There are two strange facts about these non-God religions. The first is their extraordinary resemblance to one another. Nazism and communism imagine themselves as exact opposites. They are at each other’s throats wherever they exist all over the world. They actually breed each other; for the reaction against communism is Nazism, and beneath Nazism or fascism communism stirs convulsively.
Yet they are similar in all essentials. First of all, their simplicity is remarkable. You leave out God and put in the Devil; you leave out love and put in hate; and everything thereafter works quite straightforwardly and logically. They are, in fact, as alike as two peas. Tweedledum and Tweedledee are two quite distinctive personalities compared to these two rival religions.
Like two gems harvested from the same socialist strata, communism and Nazism varied only slightly in their application of Marxism, but were both were equally totalitarian in nature.
A Common Totalitarianism
In addition to belonging to the shared brotherhood of worldwide socialism, clearly, both communism and Nazism were equally totalitarian. The Austrian economist Ludwig von Mises saw the similarity clear enough as he noted that German socialism worked toward a collective life in which government infringement on private life, with the time-honored aim of eliminating private property, did immeasurable harm to the population.
It's true enough that socialism, by its design, is oriented toward total control; the economic and social philosophy of National Socialist German Workers' Party and the Union of Soviet Socialist Republics are equally apparent. As Ludwig von Mises noted about Nazi Germany:
But in substance all enterprises are to become government operations. Under this practice, the owners will keep their names and trademarks on the property and the right to an “appropriate” income or one “befitting their ranks.” Every business becomes an office and every occupation a civil service. . . . Prices are set by government, and government determines what is to be produced, how it is to be produced, and in what quantities. There is no speculation, no “extraordinary” profits, no losses. There is no innovation, except for that ordered by government. Government guides and supervises everything.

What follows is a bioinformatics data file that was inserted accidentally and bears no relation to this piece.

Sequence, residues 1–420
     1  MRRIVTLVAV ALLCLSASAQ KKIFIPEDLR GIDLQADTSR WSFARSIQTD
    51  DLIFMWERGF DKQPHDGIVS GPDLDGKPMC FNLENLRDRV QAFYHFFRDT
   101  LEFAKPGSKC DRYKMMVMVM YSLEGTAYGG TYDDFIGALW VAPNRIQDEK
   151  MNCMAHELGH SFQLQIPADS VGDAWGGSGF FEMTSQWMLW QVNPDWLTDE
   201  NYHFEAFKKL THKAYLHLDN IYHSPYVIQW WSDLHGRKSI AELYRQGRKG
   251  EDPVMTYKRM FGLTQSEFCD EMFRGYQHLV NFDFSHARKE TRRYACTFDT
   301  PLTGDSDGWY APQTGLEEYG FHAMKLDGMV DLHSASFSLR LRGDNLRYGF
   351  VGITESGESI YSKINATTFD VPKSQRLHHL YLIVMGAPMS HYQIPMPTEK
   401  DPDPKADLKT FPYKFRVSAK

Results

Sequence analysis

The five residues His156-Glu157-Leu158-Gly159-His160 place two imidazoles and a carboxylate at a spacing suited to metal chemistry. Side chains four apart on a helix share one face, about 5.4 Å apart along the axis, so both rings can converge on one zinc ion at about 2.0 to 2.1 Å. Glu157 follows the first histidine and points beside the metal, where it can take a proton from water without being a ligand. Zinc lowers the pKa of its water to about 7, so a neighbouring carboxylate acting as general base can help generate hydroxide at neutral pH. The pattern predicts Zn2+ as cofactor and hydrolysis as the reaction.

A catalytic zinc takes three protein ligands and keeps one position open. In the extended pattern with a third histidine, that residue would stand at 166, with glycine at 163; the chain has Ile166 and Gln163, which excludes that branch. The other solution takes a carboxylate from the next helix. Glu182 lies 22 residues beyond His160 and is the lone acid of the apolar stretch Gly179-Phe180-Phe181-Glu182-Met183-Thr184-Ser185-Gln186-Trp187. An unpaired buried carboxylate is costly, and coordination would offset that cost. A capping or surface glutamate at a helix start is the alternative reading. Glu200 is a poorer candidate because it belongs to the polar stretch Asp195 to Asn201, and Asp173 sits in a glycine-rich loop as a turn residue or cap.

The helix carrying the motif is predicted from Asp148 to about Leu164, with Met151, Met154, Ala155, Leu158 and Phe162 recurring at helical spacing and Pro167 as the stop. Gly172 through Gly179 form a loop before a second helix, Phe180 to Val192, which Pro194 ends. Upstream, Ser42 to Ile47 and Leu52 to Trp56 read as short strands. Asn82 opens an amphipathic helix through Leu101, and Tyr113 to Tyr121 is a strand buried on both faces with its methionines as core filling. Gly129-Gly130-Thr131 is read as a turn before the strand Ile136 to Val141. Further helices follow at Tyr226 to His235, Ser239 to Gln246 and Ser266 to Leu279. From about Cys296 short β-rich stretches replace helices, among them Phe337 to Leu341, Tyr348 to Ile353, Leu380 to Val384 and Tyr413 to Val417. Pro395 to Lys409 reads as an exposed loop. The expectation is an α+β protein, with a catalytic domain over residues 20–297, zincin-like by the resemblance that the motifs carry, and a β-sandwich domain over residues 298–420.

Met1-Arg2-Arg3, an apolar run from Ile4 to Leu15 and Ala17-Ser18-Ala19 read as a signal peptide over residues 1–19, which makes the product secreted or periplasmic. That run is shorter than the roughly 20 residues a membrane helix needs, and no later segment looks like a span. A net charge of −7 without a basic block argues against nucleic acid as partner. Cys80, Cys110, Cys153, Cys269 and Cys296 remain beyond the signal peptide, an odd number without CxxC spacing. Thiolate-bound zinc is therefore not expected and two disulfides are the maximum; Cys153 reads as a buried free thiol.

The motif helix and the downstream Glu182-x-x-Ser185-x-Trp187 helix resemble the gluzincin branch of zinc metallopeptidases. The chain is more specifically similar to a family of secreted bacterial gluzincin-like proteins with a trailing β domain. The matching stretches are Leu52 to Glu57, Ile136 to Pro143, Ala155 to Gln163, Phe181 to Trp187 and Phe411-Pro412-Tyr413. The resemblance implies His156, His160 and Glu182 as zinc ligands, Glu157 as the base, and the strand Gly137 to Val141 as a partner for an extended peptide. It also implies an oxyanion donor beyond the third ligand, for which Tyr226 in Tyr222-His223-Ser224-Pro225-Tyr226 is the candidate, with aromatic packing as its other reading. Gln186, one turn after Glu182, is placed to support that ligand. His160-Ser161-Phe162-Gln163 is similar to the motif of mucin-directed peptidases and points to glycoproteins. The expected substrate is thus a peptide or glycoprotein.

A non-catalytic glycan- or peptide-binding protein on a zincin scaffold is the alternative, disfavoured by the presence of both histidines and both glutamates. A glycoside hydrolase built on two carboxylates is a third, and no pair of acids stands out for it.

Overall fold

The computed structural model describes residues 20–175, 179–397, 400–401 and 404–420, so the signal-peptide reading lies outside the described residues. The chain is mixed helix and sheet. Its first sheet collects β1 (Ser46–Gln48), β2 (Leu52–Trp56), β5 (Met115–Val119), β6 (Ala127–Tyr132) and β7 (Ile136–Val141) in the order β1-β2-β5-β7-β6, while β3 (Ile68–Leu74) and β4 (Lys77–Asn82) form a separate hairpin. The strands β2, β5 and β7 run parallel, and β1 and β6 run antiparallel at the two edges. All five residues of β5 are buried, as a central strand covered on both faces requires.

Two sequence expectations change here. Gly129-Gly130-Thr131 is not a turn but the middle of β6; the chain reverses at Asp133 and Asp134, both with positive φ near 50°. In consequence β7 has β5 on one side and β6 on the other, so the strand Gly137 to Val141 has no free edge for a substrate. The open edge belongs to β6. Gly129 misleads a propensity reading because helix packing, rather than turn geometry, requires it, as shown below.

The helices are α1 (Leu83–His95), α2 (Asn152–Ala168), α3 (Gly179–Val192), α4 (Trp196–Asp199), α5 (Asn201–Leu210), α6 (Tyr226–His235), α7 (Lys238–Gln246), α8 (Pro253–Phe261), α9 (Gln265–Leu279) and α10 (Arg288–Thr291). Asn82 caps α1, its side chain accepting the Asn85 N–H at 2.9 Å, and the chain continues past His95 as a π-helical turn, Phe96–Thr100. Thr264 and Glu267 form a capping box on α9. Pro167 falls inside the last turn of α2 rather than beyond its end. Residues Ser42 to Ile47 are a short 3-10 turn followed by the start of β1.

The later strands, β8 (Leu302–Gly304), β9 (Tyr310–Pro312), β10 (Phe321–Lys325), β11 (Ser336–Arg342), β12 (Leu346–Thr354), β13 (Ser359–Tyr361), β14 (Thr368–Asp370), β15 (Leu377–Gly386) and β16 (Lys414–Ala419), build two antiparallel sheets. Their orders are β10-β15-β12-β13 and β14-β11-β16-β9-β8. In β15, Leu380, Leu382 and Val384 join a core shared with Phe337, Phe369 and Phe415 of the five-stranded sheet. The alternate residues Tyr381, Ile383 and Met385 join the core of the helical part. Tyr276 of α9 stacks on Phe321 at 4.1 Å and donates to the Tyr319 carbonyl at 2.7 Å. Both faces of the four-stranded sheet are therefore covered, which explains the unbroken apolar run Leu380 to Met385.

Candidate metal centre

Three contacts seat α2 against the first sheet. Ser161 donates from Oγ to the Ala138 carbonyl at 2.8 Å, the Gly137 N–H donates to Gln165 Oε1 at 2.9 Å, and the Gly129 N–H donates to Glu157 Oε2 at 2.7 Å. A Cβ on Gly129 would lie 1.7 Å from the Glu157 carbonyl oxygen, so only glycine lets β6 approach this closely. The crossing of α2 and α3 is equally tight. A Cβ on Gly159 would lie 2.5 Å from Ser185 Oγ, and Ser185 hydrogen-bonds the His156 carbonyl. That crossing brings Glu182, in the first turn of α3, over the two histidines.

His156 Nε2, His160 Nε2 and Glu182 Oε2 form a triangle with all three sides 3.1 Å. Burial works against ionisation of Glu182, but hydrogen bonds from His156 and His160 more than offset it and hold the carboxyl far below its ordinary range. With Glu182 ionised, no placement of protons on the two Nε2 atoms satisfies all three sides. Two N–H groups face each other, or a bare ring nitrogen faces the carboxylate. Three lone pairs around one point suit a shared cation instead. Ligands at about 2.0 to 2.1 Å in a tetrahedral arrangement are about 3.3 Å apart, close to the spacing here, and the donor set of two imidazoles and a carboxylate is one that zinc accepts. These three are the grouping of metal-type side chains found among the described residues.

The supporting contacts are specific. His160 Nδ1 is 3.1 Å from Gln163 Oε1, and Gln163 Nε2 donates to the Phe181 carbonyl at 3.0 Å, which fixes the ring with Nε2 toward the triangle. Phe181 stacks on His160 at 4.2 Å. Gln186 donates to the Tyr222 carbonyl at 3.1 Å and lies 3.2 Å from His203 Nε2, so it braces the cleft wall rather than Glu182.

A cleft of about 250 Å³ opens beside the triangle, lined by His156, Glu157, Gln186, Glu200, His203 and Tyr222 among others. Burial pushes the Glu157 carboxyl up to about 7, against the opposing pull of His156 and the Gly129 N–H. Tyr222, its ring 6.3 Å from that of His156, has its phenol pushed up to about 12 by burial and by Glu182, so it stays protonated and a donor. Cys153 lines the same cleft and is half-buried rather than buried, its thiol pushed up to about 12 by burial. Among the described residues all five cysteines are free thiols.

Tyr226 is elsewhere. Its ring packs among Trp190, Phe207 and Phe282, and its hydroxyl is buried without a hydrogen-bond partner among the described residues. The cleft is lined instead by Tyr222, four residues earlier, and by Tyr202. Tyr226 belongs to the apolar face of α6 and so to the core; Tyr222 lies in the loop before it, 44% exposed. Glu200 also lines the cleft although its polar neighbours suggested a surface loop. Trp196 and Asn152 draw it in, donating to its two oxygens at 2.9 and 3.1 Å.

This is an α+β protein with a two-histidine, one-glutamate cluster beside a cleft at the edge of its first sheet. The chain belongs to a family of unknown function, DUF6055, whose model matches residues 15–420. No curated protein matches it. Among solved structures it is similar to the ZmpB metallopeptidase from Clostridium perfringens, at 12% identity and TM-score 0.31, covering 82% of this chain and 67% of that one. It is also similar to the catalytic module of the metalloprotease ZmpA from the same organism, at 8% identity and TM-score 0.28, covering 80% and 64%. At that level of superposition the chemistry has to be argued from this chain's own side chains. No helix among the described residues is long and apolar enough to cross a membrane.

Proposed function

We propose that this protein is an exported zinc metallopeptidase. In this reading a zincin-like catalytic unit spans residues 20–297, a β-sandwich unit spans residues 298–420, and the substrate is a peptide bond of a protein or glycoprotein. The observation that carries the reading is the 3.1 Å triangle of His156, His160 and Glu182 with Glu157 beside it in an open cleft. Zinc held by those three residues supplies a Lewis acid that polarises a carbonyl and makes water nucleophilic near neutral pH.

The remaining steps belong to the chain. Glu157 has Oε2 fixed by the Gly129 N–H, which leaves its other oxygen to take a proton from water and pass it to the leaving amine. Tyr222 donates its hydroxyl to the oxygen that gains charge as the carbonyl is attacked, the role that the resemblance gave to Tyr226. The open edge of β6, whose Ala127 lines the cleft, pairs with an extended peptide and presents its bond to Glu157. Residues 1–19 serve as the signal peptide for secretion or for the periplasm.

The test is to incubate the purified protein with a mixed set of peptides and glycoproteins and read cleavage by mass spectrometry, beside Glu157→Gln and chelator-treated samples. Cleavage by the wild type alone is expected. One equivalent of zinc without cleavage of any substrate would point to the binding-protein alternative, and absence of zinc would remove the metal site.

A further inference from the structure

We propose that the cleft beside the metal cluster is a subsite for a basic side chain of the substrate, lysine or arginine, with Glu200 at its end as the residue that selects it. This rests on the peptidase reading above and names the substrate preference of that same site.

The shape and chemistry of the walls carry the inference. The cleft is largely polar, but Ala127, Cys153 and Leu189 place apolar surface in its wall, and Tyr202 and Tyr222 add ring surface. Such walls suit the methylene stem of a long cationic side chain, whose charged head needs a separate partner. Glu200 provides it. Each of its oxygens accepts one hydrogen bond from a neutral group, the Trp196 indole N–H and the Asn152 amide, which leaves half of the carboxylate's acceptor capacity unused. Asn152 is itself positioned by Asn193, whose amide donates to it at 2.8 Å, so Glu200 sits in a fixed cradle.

The Nazis rejected the call to international revolution and the class warfare of their Soviet Marxist kin, however, this made them no less socialist. All substantial power and ownership of German business under the Third Reich, while managed and owned by individuals, was in the hands of the state.
Price controls, salary caps, and production quotas were set by the nation and left owners to navigate a glut of bureaucracy. Although the Nazis did not build or maintain a holistic command economy and thus were not traditional socialists after the Marxian model, the agricultural sector was set up, according to von Mises, in conformity with the “socialism of the German pattern.”
This can hardly be called a free market. The thin veneer of private ownership of German industry faded away under the endless tide of government interventionism, which only served to create shortages of essential goods and overproduction of superfluous non-essentials. In this way, the economic practice of the Nazis and Soviets was very similar.
The manikin of socialism was identical for the Nazis and Soviets. Doomed shawls of Soviet Marxism can be replaced with cursed vests of National Socialism, but each hid the rotten mask of the utopian paradise—one created from the hammer-and-sickle and swastika.
This article was originally published on FEE.org. Read the original article.
[Image Credit: Flickr-Jennifer Boyer, CC BY 2.0]